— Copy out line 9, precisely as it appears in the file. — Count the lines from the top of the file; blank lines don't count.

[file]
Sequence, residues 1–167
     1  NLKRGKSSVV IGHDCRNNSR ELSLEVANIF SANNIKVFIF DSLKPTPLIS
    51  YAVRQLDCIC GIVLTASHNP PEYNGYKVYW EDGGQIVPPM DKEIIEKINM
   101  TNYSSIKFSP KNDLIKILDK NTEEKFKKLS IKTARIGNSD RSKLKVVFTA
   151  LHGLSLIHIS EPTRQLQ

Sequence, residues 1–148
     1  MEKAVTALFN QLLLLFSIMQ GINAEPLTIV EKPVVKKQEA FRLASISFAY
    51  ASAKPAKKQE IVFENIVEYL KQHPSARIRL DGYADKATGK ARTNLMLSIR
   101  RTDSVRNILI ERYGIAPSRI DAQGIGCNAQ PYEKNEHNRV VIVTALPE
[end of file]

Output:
   101  RTDSVRNILI ERYGIAPSRI DAQGIGCNAQ PYEKNEHNRV VIVTALPE